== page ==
CHARACTERIZING MOVEMENT PATTERNS OF NOMADIC PASTORALISTS AND THEIR EXPOSURE TO RIFT VALLEY FEVER IN KENYA
Keywords: Nomadic pastoralism, Rift Valley fever, Movement ecology, Seroprevalence, Mosquito vectors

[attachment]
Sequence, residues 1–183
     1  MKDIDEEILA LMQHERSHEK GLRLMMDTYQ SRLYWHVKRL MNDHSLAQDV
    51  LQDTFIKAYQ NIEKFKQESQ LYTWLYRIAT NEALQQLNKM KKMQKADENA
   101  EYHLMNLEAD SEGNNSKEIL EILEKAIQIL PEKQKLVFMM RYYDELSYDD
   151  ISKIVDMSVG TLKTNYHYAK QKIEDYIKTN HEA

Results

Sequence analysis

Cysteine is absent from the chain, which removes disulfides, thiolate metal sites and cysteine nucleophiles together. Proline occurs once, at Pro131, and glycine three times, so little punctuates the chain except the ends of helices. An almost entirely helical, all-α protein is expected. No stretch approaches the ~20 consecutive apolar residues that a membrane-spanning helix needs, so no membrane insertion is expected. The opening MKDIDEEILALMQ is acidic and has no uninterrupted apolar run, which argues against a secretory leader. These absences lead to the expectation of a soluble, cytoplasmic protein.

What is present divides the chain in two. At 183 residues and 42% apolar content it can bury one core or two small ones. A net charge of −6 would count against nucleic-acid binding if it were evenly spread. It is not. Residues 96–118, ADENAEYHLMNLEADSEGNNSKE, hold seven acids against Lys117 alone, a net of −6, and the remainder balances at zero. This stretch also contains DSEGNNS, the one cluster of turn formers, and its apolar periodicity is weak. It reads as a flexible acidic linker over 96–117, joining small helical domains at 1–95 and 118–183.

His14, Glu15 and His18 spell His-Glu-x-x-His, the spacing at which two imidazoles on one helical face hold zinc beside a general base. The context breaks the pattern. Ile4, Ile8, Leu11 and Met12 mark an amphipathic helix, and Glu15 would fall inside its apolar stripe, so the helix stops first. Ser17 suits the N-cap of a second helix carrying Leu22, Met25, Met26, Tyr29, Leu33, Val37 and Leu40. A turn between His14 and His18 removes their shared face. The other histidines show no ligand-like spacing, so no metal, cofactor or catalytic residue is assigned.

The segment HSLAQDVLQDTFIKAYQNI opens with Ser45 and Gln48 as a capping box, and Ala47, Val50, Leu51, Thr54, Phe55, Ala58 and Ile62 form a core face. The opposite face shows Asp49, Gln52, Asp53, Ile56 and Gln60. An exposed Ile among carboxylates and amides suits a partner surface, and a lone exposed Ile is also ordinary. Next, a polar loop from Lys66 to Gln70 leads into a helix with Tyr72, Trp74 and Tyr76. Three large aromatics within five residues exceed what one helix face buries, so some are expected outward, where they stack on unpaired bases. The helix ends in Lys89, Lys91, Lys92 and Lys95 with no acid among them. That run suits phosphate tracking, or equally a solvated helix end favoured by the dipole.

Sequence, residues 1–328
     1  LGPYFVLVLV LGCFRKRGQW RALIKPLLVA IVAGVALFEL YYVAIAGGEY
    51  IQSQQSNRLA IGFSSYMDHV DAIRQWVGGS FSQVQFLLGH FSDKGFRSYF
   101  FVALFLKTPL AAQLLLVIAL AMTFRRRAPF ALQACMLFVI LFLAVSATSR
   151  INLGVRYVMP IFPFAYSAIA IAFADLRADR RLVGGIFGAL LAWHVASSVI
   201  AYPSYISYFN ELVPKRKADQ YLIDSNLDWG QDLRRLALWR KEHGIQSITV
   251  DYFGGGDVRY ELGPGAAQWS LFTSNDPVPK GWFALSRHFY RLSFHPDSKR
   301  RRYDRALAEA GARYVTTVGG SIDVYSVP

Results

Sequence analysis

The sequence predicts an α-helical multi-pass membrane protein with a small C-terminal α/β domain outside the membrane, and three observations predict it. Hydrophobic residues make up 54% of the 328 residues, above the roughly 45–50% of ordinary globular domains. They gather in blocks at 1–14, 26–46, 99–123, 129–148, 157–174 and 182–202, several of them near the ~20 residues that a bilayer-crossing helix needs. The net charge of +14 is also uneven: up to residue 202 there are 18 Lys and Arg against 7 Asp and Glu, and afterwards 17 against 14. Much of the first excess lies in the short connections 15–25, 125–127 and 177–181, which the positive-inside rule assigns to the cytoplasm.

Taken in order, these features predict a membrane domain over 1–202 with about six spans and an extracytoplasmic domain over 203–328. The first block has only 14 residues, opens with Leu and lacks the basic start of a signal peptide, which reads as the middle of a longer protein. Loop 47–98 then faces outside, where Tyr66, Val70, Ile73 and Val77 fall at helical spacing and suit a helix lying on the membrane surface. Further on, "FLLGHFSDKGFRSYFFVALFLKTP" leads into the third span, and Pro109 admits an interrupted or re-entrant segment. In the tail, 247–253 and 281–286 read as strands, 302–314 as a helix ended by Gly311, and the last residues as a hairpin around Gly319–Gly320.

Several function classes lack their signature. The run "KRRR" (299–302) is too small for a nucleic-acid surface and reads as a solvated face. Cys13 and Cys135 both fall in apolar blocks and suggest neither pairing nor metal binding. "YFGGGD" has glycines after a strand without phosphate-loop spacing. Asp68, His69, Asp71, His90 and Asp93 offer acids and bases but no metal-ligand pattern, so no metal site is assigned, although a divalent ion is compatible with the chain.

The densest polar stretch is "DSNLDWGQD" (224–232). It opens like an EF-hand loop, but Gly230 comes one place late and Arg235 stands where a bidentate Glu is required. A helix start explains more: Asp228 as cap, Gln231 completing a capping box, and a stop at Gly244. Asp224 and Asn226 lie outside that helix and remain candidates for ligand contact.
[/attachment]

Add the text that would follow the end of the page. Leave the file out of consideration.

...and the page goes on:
Abstract. The role of animal movement in spreading infectious diseases is highly recognized by various legislations and institutions such as the World Organisation for Animal Health and the International Animal Health Code. The increased interactions at the nexus of human-animal-ecosystem interface have seen an unprecedented introduction and reintroduction of new zoonotic diseases with high socio-economic impacts such as the COVID-19 pandemic. Rift Valley fever (RVF) is a zoonotic disease that affects both humans and animals and is transmitted by Aedes mosquitoes or through contact with the body fluids of infected animals. This study seeks to characterize movement patterns of pastoralist and how this movement behaviour increases their susceptibility to RVF virus exposure. We levarage on a rapidly growing field of movement ecology to monitor five herds collared from 2013 – 2015 in an RVF endemic semi-arid region in Kenya. The herds were also sampled for RVF antibodies to assess their exposure to RVF virus during the rainy seasons. adehabitatLT package in R was used to analyze the trajectory data whereas the first passage time (FPT) analysis was used to measure the area utilized in grazing. Sedentary herds grazed within 15km radius while migrating herds presented restricted space use patterns during the dry seasons and transient movement during the start and end of the rainy season. Furthermore, RVF virus antibodies were generally low for sedentary herds whereas the migrating herds recorded high levels during their transition periods. This study can be used to identify RVF risk zones for timely and targeted management strategies.